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Ann Brenoff

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Is Childlessness Felt More When You Hit Middle Age?

Posted: 04/30/2012 10:35 am

Back in the early '70s, there was a cartoon circulating that depicted a woman smacking her palm on her forehead while the little talk bubble above her said, "Damn! I forgot to have children!"

Childlessness is again lighting up the talk boards with the electricity spinning off a new book by acclaimed French writer and feminist Elisabeth Badinter called, The Conflict: How Modern Motherhood Undermines the Status of Women.

Slate's Katie Roiphe describes the book as "a rousing indictment of our child-centric culture," and in a subsequent post discussed an alternative -- remaining childless. She addressed how parents sometimes privately feel sorry for the childless, even condescend to them.

The Pew Center says that almost one in five American women ends her childbearing years without offspring. But, as Roiphe notes, that doesn't stop us from regarding those women as tragic figures, someone we assume is disappointed about not having a baby stroller to push. Roiphe, who acknowledges that childlessness by choice is a valid option -- almost enviable at times -- admits that she still catches herself sometimes encouraging a woman friend in her late 30s to hurry up and get pregnant.

The thing about childlessness-by-choice is that it's a decision you make when you are in your 20s, 30s, or even early 40s, without really knowing how deep of an impact it will have on your 60s or 70s. And to state the obvious, by then it's too late.

We can give all the lip service we want to the idea that parenting is supposed to be a selfless act, but on a global scale, that thinking comes up short. People around the world have children for many valid reasons, including the one where they want to have someone to care for them in their old age. It isn't just Third-World thinking. Who are more and more elderly Americans turning to when their aging needs require outside help? Us, their boomer children. And who will we turn to when Social Security fails and we are looking at Skid Row? Mark my words, it will be our kids.

Frankly, I don't see anything wrong with it. The desire to have someone to take care of me in old age wasn't the reason I had children, but I do believe that caring for each other falls under the definition of a family. We marry with the promise that we'll stick it out with a spouse through sickness and in health, so what's the big deal about expecting that your kids will rally when you need them? It should be their choice, you say? Fair enough, and for the record, it always is -- how many families do you know where one sibling always drives Mom to the doctor and the other calls once a month from 2,000 miles away?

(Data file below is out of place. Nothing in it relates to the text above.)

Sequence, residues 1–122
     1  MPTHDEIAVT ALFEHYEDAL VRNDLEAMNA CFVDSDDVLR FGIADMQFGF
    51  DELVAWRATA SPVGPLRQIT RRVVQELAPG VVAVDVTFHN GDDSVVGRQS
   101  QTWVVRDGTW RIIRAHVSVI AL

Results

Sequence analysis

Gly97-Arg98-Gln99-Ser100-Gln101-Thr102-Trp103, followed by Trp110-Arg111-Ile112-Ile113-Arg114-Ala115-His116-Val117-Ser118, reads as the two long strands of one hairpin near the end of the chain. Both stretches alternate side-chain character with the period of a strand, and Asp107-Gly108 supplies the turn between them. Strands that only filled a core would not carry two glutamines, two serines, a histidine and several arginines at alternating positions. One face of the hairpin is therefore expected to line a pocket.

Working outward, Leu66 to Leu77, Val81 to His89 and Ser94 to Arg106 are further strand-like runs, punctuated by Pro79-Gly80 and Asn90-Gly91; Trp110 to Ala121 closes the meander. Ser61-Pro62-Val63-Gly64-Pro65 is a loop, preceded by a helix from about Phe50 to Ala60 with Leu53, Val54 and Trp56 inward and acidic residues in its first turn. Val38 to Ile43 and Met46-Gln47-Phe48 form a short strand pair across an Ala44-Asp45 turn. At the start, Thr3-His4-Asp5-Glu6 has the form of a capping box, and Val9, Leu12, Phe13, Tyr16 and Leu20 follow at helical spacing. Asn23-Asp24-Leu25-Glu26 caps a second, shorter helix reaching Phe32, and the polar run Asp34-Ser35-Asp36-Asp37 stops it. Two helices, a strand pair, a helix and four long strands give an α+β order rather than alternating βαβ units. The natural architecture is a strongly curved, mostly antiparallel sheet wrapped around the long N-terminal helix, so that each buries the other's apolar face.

So what will happen to those who opted out of the child-rearing experience? One 50-something unmarried and childless friend has been grooming a nephew for the job of caring for her since he was born. Are her own aging fears why she pays so much attention to him, takes him on vacations, calls him regularly? No, of course not. But she'd be the first to tell you that growing old is increasingly on her mind and she hopes he steps up to help her when the need arises.

"I want to know that I have someone who will pick out a nice nursing home for me and make sure I'm cared for," she says bluntly.

Book author and New York Times blogger Jane Gross wrote about who cares for the childless elderly in one of her columns. It was titled "Single, Childless, and Downright Terrified." While her financial needs will likely be met, Gross said as a single childless woman, she was "haunted by the knowledge that there is no one who will care about me in the deepest and most loving sense of the word at the end of my life. No one who will advocate for me, not simply for adequate care but for the small and arguably inessential things that can make life worth living even in compromised health." It's what she gave her own mother and her mother gave her grandmother. Yet there is no child there to provide this for her, she writes.

If you don't have family to turn to, your next choice is your friends. One solution Gross considers viable is a return by boomers to communal living arrangements: a group of single friends sharing a household and functioning as a family. I think she's on to something. Alternative living arrangements will certainly have a place in our future; there are already retirement communities based around affinity interests. But to take it to the next step, there has to be the love. And me? I'm banking on it coming from my kids.

 
 
 

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